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I can understand why there would be pause marks for obligatory continuing and stopping, because otherwise the meaning of the ayah would change.

But why is there "preferred stop" (قلی), "preferred continue"(صلی), and the jeem (ج) that indicates that it's equally permissible to pause and continue? Especially since most reciters don't seem to make an effort to continue at صلى. And furthermore there are tons of places throughout the Quran where a stop seems to make sense and many reciters stop, but the mushaf doesn't have any pause mark.

  • Scholats say there is no obligatory "waqf" (pausing) in the qur'an, so the symbols you are referring to are based on ijtihad! – Medi1Saif Jun 28 '17 at 4:52
  • Interesting...based on who's ijtahaad exactly? – Nick Manning Jun 28 '17 at 4:55
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    The only thing which is known from sunnah is that the prophet used to pause at the end of a verse, but there's no -general- consensus about verse lenghts and counts. – Medi1Saif Jun 28 '17 at 5:07
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The purpose of the different waqf وقف (pausing) signs is to smoothen the recitation. As the reader or reciter is reciting Allahs words, he is asked to recite them in the best manner (73:4)! Beside this the purpose of waqf signs is also to clearify the meaning, by building clear sentences. So anywhere were scholars have chosen a so called waqf lazim (necessary pause) the meaning is complete, anywhere where there are options, the meaning is incomplete or has a relation either to what comes next or what was before. Even if I'm not 100% familiar with the waqf's used in most moshafs which are wide spread due to the prevalence of the qira'a of Hafs (Difference of waqf in Qiraat Hafs between waqf الوقف in usual Moshaf and turkish recitation) as I've grown up with the simple wafs signs of imam al-Hibti محمد بن أبي جمعة الهبطي, as you may see in the answer of What are the different punctuation in Quran?, I'll be glad to elaborate and explain for each.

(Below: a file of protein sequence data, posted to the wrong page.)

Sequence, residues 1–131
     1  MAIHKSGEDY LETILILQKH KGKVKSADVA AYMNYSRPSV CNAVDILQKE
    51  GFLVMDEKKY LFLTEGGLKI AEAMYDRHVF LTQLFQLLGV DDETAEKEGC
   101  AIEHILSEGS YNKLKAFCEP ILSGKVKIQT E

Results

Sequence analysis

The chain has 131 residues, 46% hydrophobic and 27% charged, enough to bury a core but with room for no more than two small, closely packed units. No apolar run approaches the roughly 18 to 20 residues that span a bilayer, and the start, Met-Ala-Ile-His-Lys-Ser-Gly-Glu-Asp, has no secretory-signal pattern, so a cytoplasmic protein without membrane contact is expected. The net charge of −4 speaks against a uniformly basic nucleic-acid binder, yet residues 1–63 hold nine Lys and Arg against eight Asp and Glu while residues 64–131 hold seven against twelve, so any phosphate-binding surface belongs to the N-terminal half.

But note that these marks or signs are not part of the rasm of the qur'an and even were unknown to earlier generations as they are based on the ijtihad of scholars whom dealt with waqf and dabt ضبط or ibtidaa' ابتداء (pausing and accuracy? or starting -after a pause-) and tajweed most of the signs used in moshafs today have been invented, defined and fixed by scholars (AFAIK) untill the 10th hijri century.

Therefore there are two statements often to be found in the appendix of a moshaf copy:

  • The sunnah of the prophet () was to stop/pause at the end of a verse (see for example in sunan abi Dawod).

  • ليس في القرآن وقف وجب or ليس في القرآن وقف لازم which means there is no obligatory (neither Allah nor his prophet ordered us to do so) waqf in the qur'an.

As anything else then the content of the Qur'an is a matter of ijtihad, we don't have clear statements defining the length of most verses and their amount (see for example my answer on How many ayaths are there in Al-Quran?).

So most scholars of qira'a chose to pause at the end of a verse, what they have chosen as the end comes from how they've received the recitation via oral transmission and by ijtihad using their knowledge of the Arabic language.

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